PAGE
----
Russia sanctions rumble flights, compounding airline industry woes


HELSINKI/PARIS/CHICAGO, Feb 28 (Reuters) – Airlines are bracing for potentially long lockdowns of key east-west flight corridors after the European Union and Moscow issued tit-for-tat airspace bans. tat and that Washington considered similar action in response to the Russian invasion of Ukraine. US officials said Washington has not yet made a final decision on whether to follow Europe and Canada in banning Russian airlines from using their airspace.

But a European official, who asked not to be identified, said the EU was fully confident that Washington would follow its lead.

A White House decision to ban Russian carriers is expected to provoke a response from Moscow, which could affect carriers like United Airlines. The Chicago-based carrier uses Russian airspace for flights to India.

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Russia on Monday banned airlines from 36 countries, including all 27 members of the European Union, after EU ministers agreed to deny entry to Russian planes, including the private jets of the country’s oligarchs .

The sanctions have triggered flight cancellations and costly detours, hampering the industry’s pandemic recovery and dealing a blow to the mainly Ireland-based rental industry, which has been ordered to stop dealing with Russian airlines. Read more

The rerouting meant Kazakhstan’s airspace saw a tripling of flights to more than 450 on Monday. Read more

Without access to Russian airspace, many carriers will have to divert flights south while avoiding areas of tension in the Middle East. Read more

Finland’s national carrier Finnair has canceled flights to Japan, Korea, China and Russia and dropped its 2022 forecast as sanctions block access to Asia – a cornerstone of its strategy in recent years due to the location of its Helsinki hub.

Finnair shares plunged 21%, leading to a decline in airline shares which fell more than 4% in Europe and the United States.

German group Lufthansa (LHAG.DE) said 30 flights to Russia would be canceled this week while Latvian AirBaltic said it was extending the suspension of flights to Russia until the end of May.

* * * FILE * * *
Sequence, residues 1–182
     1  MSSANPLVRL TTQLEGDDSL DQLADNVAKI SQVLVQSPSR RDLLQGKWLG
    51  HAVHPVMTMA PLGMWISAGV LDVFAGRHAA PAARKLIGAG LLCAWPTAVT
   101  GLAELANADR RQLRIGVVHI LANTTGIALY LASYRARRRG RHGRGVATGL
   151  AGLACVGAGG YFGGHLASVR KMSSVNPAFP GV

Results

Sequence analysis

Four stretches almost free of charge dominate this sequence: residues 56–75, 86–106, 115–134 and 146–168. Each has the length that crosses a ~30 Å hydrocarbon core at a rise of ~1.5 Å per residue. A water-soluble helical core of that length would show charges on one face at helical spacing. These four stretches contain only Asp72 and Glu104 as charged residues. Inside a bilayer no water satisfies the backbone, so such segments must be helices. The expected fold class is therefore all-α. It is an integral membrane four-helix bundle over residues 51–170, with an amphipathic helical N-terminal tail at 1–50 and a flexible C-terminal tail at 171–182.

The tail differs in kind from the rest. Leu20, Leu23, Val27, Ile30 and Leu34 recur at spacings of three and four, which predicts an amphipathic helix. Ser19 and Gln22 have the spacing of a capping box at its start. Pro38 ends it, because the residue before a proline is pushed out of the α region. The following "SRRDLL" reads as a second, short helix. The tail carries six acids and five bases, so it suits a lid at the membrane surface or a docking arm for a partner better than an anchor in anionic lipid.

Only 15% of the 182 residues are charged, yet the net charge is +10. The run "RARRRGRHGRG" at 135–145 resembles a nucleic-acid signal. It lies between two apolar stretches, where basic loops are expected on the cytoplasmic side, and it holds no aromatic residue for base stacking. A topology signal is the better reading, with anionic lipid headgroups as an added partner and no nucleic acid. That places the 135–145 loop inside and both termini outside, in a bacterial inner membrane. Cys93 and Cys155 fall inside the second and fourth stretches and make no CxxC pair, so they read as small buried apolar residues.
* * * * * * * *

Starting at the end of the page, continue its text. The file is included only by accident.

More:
Lufthansa said its flights from Europe to Tokyo and Seoul would have to make detours for which the company had obtained the necessary flight rights.

Swiss, also owned by the Lufthansa Group, canceled Monday’s flight from Zurich to Moscow, citing what it said was an unclear regulatory situation, and said it was not flying over Russian airspace. Z8N2RV01I

A general view of the business class cabin of a Finnair A350 aircraft is pictured in Helsinki, Finland December 3, 2021. Finnair/Handout via REUTERS

Russian carrier Aeroflot (AFLT.MM) announced on Sunday that it would cancel all flights to European destinations.

On Monday, however, an Aeroflot plane bound for Verona in Italy was forced into a holding pattern outside EU airspace and diverted to Turkey after apparently crashing denied access, according to flightradar24.

It came hours after one of its flights flew through Canadian airspace despite Toronto’s ban on Russian planes, prompting a regulator to launch a review into the conduct of Aeroflot and the service provider air traffic control of Canada. Read more


Among other disruptions, Gulf carrier Flydubai canceled flights to Krasnodar and Rostov-on-Don in Russia until March 8, but said it would continue flights from Dubai to Moscow and seven other Russian destinations. Read more

In Asia, Singapore Airlines (SIAL.SI) announced that it was suspending all services between Singapore and Moscow until further notice.

Korean Air (003490.KS), Japan Airlines (9201.T) and Japanese company ANA Holdings said on Monday that they continue to use Russian airspace but have no plans to add flights to Russia or Europe to replace flights canceled by European carriers.

Demand to Japan and South Korea was weak due to COVID-related travel restrictions.

Airspace closures and flight cancellations have also begun to affect cargo traffic, further exacerbating global supply chain issues caused by the pandemic slowing cargo handling around the world.

Many cargo carriers use Russian airspace, which is a major crossroads for global trade, about half of which by value is transported by air.

“Due to the ongoing dramatic developments in the Russian-Ukrainian conflict, Lufthansa will no longer use Russian airspace,” Lufthansa Cargo said.

US-based United Parcel Service Inc (UPS.N) and FedEx Corp (FDX.N), two of the world’s largest logistics companies, said they were halting deliveries to Russia. Read more

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Reporting by Tim Hepher in Paris, Rajesh Kumar Singh in Chicago, David Shepardson in Washington, Francesca Landini in Milan, Anne Kauranen in Helsinki, Maki Shiraki in Tokyo, Joyce Lee in Seoul, Aradhana Aravindan in Singapore, Ilona Wissenbach in Berlin, Alexander Cornwell in Dubai, Michael Shields in Zurich and Reuters in Moscow; edited by Jason Neely

Our standards: The Thomson Reuters Trust Principles.


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